Syndicate

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What is a 'Syndicate'

A syndicate is a temporary professional financial services group formed for the purpose of handling a large transaction that would be hard or impossible for the entities involved to handle individually. Syndication allows companies to pool their resources and share risks. There are several different types of syndicates, including underwriting syndicates, banking syndicates and insurance syndicates.

BREAKING DOWN 'Syndicate'

An example of an underwriting syndicate is a group of investment banks that work together to issue new stock to the public. The bank that takes the lead in this endeavor is called the syndicate manager. Thirty days after the sale is complete, or if the securities cannot be sold at the offering price, the syndicate breaks up. Some other types of syndicates represent a joint effort, but are not temporary.

When a syndicate is set up, the amount of risk taken on by each syndicate member can vary, along with the potential earnings available to that member. In an investment banking syndicate, for example, an undivided account means that each underwriter in the syndicate is responsible for selling its allotted amount of stock and any excess shares not sold by the syndicate as a whole. An individual member may have to sell far more securities than it was allotted. Other syndicates limit the amount of risk for each member.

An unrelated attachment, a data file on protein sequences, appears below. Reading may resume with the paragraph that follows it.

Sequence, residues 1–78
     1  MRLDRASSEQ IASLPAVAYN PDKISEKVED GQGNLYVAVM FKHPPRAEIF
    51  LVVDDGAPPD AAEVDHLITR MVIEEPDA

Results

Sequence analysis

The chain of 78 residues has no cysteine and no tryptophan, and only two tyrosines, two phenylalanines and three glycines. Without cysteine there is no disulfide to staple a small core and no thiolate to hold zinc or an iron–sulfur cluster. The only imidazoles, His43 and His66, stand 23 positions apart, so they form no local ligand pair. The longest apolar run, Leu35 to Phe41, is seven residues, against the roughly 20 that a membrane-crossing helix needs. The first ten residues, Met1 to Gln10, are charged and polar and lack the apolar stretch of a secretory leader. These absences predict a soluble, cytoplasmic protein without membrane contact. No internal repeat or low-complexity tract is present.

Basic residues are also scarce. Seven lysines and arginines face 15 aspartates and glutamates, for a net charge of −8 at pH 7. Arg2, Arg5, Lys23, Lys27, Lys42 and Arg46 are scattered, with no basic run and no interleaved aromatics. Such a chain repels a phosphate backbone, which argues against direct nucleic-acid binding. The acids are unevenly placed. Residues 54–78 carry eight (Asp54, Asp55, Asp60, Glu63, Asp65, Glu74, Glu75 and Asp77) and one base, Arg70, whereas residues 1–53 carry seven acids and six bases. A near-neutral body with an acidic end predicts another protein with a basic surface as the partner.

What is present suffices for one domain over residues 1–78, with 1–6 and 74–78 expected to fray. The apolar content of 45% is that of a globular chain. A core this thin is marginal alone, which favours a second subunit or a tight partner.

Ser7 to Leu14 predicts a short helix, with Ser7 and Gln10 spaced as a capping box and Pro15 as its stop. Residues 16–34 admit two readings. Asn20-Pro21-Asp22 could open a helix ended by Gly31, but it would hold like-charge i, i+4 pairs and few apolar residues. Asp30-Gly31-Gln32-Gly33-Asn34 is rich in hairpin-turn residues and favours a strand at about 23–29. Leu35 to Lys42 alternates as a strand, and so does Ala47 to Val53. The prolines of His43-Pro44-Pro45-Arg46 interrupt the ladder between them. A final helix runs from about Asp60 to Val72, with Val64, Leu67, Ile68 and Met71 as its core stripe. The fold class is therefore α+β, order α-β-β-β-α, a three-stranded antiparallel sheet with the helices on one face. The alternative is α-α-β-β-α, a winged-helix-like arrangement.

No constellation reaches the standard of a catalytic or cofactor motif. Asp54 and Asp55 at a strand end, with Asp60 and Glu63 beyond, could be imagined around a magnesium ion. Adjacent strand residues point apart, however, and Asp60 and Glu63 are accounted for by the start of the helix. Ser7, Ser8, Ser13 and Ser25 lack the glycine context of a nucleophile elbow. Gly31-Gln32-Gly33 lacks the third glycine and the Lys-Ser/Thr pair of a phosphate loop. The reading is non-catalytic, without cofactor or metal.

Examples of Syndicates

Companies may form a syndicate for a specific business venture that carries a high level of risk but also an attractive potential rate of return. In many cases, these businesses operate in the same industry and form a separate entity to apply their expertise to a product or service. Two drug companies, for example, may combine research and marketing knowledge to create a syndicate and develop a new drug. A large real estate project may be developed using a syndicate formed by several real estate companies.

Factoring in Insurance Risk

Syndicates are often used in the insurance industry to spread insurance risk between several different firms. Insurance underwriters evaluate the risk of insuring a specific person or a particular asset and use that evaluation to price an insurance policy.

In the corporate health insurance field, an underwriter may evaluate the potential health risks for each of the firm’s employees. The underwriter’s actuary uses statistics to assess the risk of illness for each employee in the company’s workforce. If the potential risk of providing health insurance is too great for a single insurance firm, that company may form a syndicate to share the insurance risk.

How Companies Combine Available Expertise

Some projects are so large that no single company has all of the expertise needed to efficiently complete the project. This is often the case with large construction projects, such as a stadium, highway or railroad project. Companies form a syndicate so that each firm can apply a specific area of expertise to the project. In addition, subcontractors are assigned specific components of the project, such as lighting or concrete work. Each subcontractor obtains financing for its portion of the contract.

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